Michael Walker: Yaya Touré not gone but well forgotten at Manchester City
Pep Guardiola could well do with dynamic Ivorian midfielder during this time of crisis
Yaya Touré has only played one game for Manchester City this season, it was against Steaua Bucharest in a Champions League qualifier in August. Photograph: Getty Images.
Whatever happened to Yaya Touré? It’s a question worth asking at this time of Manchester City crisis, as they sit there, top of the Premier League. After all, even Pep Guardiola mentioned Touré this week.
Guardiola said he would “like” to have had Touré available for selection for City’s League Cup tie at Manchester United on Wednesday night. It was a blast from the past from a manager who seems to be all about the future. For emphasis Guardiola added: “Believe me.”
If we take Guardiola at his word, then there is a willingness on the City manager’s part to not just shake hands with Touré but to name him in the starting XI.
That really would be something: Touré may not be part of Guardiola’s City but the rest of the Premier League know all about the Ivorian.
Unquestionably his presence would give City another dimension, and a different one. It would make others worry, too. For example, were Touré going with City to West Bromwich Albion today, he would be going as someone who has scored at the Hawthorns on City’s last three visits. West Brom’s players know this.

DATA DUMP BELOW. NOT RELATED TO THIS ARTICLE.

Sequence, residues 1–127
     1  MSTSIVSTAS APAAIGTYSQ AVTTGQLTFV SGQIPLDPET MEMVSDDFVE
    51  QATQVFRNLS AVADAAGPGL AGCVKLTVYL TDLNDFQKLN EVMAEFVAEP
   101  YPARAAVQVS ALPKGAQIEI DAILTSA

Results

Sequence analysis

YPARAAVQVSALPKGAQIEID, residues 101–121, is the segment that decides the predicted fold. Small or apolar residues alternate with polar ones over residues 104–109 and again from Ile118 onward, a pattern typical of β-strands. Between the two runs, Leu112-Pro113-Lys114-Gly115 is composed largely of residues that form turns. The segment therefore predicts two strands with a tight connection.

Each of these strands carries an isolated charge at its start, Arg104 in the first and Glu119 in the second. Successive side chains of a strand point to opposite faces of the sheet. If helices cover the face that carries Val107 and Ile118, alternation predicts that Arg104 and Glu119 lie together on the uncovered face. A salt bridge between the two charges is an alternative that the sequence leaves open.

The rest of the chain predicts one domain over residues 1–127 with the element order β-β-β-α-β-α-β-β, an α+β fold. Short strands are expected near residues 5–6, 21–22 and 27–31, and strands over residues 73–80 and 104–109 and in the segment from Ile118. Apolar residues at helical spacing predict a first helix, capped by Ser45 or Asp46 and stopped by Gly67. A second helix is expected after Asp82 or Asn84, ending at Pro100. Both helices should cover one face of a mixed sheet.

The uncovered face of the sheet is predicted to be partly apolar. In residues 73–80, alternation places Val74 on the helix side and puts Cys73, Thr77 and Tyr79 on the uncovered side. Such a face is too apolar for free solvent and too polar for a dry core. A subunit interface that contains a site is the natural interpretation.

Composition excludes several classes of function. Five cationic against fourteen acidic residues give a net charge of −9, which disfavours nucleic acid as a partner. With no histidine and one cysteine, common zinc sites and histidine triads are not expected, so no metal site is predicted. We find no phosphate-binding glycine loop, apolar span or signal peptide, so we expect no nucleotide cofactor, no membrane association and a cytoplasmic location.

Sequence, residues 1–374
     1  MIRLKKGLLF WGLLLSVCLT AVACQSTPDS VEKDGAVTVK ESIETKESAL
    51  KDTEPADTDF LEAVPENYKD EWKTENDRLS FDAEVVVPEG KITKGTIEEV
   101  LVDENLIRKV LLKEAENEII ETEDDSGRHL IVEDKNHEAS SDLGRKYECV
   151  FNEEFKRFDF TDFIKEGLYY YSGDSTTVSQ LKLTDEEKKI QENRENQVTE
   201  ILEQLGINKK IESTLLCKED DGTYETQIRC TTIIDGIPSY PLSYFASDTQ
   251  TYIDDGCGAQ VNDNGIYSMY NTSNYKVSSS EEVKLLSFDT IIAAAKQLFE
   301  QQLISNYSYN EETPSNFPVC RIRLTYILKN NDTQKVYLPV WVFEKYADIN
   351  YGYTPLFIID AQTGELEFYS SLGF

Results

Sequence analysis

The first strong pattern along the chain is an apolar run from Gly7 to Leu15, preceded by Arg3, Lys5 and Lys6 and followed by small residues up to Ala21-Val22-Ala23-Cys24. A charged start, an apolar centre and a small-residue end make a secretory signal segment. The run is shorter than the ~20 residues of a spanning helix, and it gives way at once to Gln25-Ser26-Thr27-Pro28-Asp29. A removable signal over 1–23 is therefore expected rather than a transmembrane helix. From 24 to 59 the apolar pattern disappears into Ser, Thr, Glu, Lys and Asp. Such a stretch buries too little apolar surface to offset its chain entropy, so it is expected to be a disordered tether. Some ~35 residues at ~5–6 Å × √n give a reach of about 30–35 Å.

However, if Guardiola was indulging in some verbal sport with Touré, and “Believe me” was only a turn of phrase aimed at someone known to have played that game himself, then it really is all over at Man City for the 33-year-old midfielder.
It seems such a grand waste of talent and investment but, after six-and-a-half years at City – during which time, he has driven them to two Premier League titles, an FA Cup and two League Cups – Yaya Touré will soon be off.
January will bring obits on Touré’s time in Manchester and what should perturb him is that they will mention flounces surrounding birthday cakes and a yappy, disruptive agent as much as the goals and the games. January 2017 may not be kind.
Unless, of course, there is a reconciliation between Touré and Guardiola.
The new manager has shown that he is prepared to pick the midfielder he sold from Barcelona – to City. Touré’s one appearance this season was in August when he played 90 minutes in the Champions League qualifier against Steaua Bucharest. But a month later Touré’s agent was describing Guardiola as “vindictive” and the Spaniard has demanded an apology. Until it comes, Touré will not play.
Touré is though, still on the payroll – at £225,000 per week, or £13 million a annum. It could be said Touré is paid so well he does not need to work. A consolation – aside from cash – is that in years to come Touré’s status will be greater. There will be historical recognition of his contribution. That’s usually the way it goes.
But that’s when he’s finished. What about now?